And then later doing that within my career—helping companies raise money at the early stage. And then later, helping the private equity firms and venture capital firms raise money from institutional investors. 

And halfway along that journey, I found Salesforce and slowly became obsessed with it. I started using Salesforce inside of those companies that I was working at. And I worked for a Salesforce ISV for a year and got some experience. And then went back into the finance industry, where I implemented Salesforce a couple of times for my employers. 

I started drinking the Kool-Aid and thinking I wanted to start my own business in this space. But I wasn't ready to do that yet. I ended up applying for a job at Salesforce, and I worked there as an account executive, carrying a $1 million quota for three years.

And then after that, you'd think that I would have finally said, “You know, I have enough under my belt at this point. I think I'll go start my own shop,” but I still wasn't ready. A bit further down the road, I was finally ready and started Union Square Consulting. 

Zak: When was that?

Eddie: The very end of 2016.

Zak: How did you land on the name?

Eddie: This is a funny story. I've worked for a number of companies that have since rebranded because they just had awful names. They put so much time and energy into it. And I was part of the sessions, and I just thought, “this is such an unproductive activity.” And so I looked around, and I'm like, “I live in Union Square, and Union Square Ventures is a very prominent venture capital firm that I deeply admire.”

I literally thought about it for 10 seconds, and I went online and found that the URL was available. I went to register the LLC, and I found out that the name was available. You can do all this online in about 15 seconds. And I thought, “Ok, that's done.” I spent the next four hours building a website, and I ordered some business cards, and I thought, “Ok, the business is set up.” I set up bank accounts and credit cards and implemented Salesforce. And that was literally day one.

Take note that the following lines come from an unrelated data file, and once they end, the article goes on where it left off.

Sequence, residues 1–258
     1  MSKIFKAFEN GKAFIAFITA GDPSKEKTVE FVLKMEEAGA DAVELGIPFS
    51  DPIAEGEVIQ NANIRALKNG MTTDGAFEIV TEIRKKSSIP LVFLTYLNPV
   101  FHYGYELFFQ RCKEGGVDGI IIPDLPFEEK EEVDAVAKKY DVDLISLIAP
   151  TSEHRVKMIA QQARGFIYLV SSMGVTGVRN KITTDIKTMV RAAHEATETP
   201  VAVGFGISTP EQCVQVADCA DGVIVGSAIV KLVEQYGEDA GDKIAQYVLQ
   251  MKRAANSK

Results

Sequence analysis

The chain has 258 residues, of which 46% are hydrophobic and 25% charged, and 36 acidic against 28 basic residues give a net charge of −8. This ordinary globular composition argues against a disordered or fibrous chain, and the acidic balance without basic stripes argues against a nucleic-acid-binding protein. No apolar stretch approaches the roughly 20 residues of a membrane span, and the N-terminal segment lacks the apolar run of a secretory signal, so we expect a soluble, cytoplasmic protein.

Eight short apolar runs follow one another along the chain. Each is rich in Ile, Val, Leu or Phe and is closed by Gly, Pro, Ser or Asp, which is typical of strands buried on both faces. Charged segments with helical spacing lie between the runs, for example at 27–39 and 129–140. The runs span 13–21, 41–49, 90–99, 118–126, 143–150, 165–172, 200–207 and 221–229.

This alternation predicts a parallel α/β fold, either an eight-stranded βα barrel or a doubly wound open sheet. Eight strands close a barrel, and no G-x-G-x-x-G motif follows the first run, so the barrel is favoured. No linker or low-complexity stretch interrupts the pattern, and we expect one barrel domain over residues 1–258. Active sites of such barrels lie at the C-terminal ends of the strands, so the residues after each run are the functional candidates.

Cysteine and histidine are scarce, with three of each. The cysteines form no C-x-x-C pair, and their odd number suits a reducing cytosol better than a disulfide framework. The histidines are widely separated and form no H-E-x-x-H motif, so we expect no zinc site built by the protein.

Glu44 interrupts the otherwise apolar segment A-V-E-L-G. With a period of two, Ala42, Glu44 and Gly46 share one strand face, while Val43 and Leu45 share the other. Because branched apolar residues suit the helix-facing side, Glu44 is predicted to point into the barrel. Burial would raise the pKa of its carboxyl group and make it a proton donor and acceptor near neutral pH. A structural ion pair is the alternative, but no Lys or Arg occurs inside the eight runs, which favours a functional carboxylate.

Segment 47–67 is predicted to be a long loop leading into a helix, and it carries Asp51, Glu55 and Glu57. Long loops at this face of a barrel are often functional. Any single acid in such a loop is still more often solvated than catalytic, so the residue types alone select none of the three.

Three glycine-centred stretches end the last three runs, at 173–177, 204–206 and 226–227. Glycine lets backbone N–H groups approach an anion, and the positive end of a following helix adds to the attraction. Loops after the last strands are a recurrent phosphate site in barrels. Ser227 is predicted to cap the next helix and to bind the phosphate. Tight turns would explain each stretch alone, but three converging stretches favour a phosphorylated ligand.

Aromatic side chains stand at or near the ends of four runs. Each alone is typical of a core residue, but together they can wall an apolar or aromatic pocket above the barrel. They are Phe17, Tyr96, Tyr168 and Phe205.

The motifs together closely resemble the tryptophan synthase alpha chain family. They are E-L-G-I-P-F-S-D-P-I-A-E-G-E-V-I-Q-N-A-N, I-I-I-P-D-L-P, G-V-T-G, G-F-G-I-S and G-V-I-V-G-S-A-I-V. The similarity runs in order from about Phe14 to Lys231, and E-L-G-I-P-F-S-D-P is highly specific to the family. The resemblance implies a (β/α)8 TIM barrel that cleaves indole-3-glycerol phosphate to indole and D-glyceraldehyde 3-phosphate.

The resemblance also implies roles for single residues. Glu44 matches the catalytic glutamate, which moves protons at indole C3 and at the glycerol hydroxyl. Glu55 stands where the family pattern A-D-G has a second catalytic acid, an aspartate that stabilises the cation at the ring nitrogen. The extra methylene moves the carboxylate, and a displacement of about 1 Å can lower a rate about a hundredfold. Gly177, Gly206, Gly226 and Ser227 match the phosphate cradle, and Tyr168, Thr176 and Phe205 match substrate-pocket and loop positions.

Zak: A very productive day one 

Eddie: Day two was “let's go find a client.” I didn't want to spend three or six months trying to overthink the branding, the website, the business cards, all of these things. I've seen so many small businesses do that. Then they wake up six months or a year later and they run out of money. And the most important things in having a small business are A, cash flow and B, having happy clients. Because that's where you get the cash flow. If you don't have those two things, you don't have a business.


Zak
: Speaking of happy clients, who is the ideal customer for Union Square Consulting?

Eddie: A great customer, first and foremost, is forward-looking—when a company is saying “I want to use technology and process as a competitive advantage.” They look at their team and their strategy, and they say, “This is great, but we need to have a better operational system, or it's going to be more difficult to compete.” That’s the most important thing.

I tell a lot of people that the work we do is pretty easy in comparison to the work that our clients have to do. If you can map out a vision for us, we can build it very easily. What's hard is finding somebody that can map out that vision.